Nonalcoholic steatohepatitis may cause severe fibrosis, cirrhosis and hepatocellular carcinoma, however, supporting evidence is based on indirect data.
Few research groups have evaluated the progression of fibrosis by examining results of repeat liver biopsies.
Researchers in Argentina undertook this study in order to assess the rate of fibrosis progression in untreated patients with nonalcoholic steatohepatitis.
106 patients in total were available for the study and out of these, a second liver biopsy was offered to those who had undergone their first biopsy at least 3 years before.
These patients were not given pharmacological therapy.
The samples were all evaluated blindly and variables were compared between patients with (group P) and without (group NP) fibrosis progression.
In total, 22 patients (median age 45 years; 13 women; diabetes in 8, obesity in 10 patients) underwent a second liver biopsy 4.3 years after the first.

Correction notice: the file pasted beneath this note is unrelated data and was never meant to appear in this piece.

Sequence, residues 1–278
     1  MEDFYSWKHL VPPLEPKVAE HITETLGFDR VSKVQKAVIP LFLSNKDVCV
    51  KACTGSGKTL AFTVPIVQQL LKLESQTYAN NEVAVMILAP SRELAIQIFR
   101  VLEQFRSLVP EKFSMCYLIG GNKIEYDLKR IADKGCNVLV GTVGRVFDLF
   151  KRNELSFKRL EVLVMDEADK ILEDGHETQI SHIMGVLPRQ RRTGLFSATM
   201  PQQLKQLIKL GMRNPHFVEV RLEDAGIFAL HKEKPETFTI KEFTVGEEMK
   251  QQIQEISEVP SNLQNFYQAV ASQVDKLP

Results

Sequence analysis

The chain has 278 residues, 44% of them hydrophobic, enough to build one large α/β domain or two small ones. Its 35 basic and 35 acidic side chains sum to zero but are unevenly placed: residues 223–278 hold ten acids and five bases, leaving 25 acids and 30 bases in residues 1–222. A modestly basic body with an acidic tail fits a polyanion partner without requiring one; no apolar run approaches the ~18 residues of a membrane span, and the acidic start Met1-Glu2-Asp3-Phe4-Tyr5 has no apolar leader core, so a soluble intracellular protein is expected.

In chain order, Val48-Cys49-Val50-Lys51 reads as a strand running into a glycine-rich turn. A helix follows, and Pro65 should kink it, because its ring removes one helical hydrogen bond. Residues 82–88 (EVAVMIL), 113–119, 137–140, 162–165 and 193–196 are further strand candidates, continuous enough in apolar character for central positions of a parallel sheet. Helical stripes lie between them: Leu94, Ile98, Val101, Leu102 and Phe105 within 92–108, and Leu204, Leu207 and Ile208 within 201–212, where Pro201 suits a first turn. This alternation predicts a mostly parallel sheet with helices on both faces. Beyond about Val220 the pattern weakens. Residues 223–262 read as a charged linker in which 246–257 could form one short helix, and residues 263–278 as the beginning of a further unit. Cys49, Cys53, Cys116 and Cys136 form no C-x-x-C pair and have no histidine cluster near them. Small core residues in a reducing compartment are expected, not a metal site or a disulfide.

The researchers found fibrosis progression in 7 patients in group P (31.8%), and they found no progression in 15 of the patients in group NP.
The group reported no differences between both groups regarding age, gender, diabetes, hyperlipidaemia, ALT levels, AST-to-ALT ratio levels, albumin levels, prothrombin activity, steatosis, or inflammation.
Obesity was found to be sgnificantly more prevalent in group P (86%) than in group NP (27%).
Basal body mass index was higher in group P than group NP. Time between biopsies was no different between groups.
The group concluded that progression of liver fibrosis occurred in a third of nonalcoholic steatohepatitis patients 4.3 years after the first liver biopsy, and obesity and body mass index were the only associated factors with such progression.